YORKTOWN, Va. - Chuck Pinello took his kayak out on a cold, windy morning at Yorktown Beach on Sunday. It wasn't long before his kayak flipped, sending him into the water.
"There he goes, he's going over the side,” Ron Cagle, a kayaker and kayak safety instructor with the Tidewater Kayak Angler's Association, said, pointing to Pinello as his kayak capsized. Soon after, Pinello appeared at the side of his kayak.
"He's going to flip the kayak over,” Cagle explained. “This can be a feat in itself."
The scenario sounded and appeared like a real emergency. However, the two staged it to demonstrate what to do if it happens to someone while kayaking.
As the weather gets colder, these experienced kayakers are urging people who want to kayak in the colder months to be safe and smart.
“Cold weather is no joke,” Cagle said. “Your survival time is at a minimum."
Cagle is also a sergeant with the Virginia Marine Resources Commission. He said he and fellow officers have answered to many kayak accidents where someone may have died, pulling their bodies from the water.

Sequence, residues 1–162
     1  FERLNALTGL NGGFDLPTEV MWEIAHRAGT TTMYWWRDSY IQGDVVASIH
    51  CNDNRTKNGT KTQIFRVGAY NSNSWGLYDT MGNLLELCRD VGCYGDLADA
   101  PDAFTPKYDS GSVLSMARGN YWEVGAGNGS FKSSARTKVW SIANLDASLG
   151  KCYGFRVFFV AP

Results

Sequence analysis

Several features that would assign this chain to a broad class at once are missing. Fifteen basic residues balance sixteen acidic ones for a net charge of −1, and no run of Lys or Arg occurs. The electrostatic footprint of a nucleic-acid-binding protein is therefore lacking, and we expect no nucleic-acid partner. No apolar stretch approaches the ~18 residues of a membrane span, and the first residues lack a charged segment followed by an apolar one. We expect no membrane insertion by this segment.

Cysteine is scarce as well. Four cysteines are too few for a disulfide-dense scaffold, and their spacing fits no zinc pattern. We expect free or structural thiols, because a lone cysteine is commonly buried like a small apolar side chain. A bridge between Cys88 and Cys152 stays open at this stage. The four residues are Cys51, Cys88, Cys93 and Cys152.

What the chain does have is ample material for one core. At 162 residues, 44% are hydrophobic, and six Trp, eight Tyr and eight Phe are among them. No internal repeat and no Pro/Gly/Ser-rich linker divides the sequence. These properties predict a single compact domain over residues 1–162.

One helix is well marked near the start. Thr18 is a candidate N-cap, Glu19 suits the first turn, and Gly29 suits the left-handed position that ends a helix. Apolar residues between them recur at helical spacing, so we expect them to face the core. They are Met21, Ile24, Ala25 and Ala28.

"I'm looking at it as, 'What went wrong? What went wrong, what didn't they do and what can we do to improve,'” Cagle said. “I take every experience like that and try to turn it around into a learning point."
The United States Coast Guard reported 86 kayaking deaths in 2019. Cagle warned, "Ninety-five percent of all fatalities, they weren't wearing a life jacket. This life jacket, if you don't wear anything else, this is one thing that will save your life."
As for the kayak capsizing, that's also a concern. Cagle said they typically happen on clearer days compared to a day with wind and rain.
"As he gets in, he realizes he can't do it,” Cagle pointed out as Pinello swam along his kayak’s side, trying to get in. “People forget you've got the bow and the stern, or the front and back of the boat, which are two great stable areas to try to gain access."
Pinello did just that, holding onto the rear of the kayak and pulling himself in with ease.
A concern of capsizing, Cagle said, is when water enters the kayak’s hull. The more water inside the kayak, the heavier it could get.
Pinello and Cagle were also geared with a radio, a knife, wetsuits and a light, among other supplies, to make sure they're ready if things turn for the worse.
"He just got immersed in cold water, and now he's got to figure out, 'I've got to get back to shore,’” Cagle explained.
With safety and practice in mind, kayaking can be safe, relaxing and enjoyable.
"It's inevitable,” Cagle said. “There's waves, it's nature."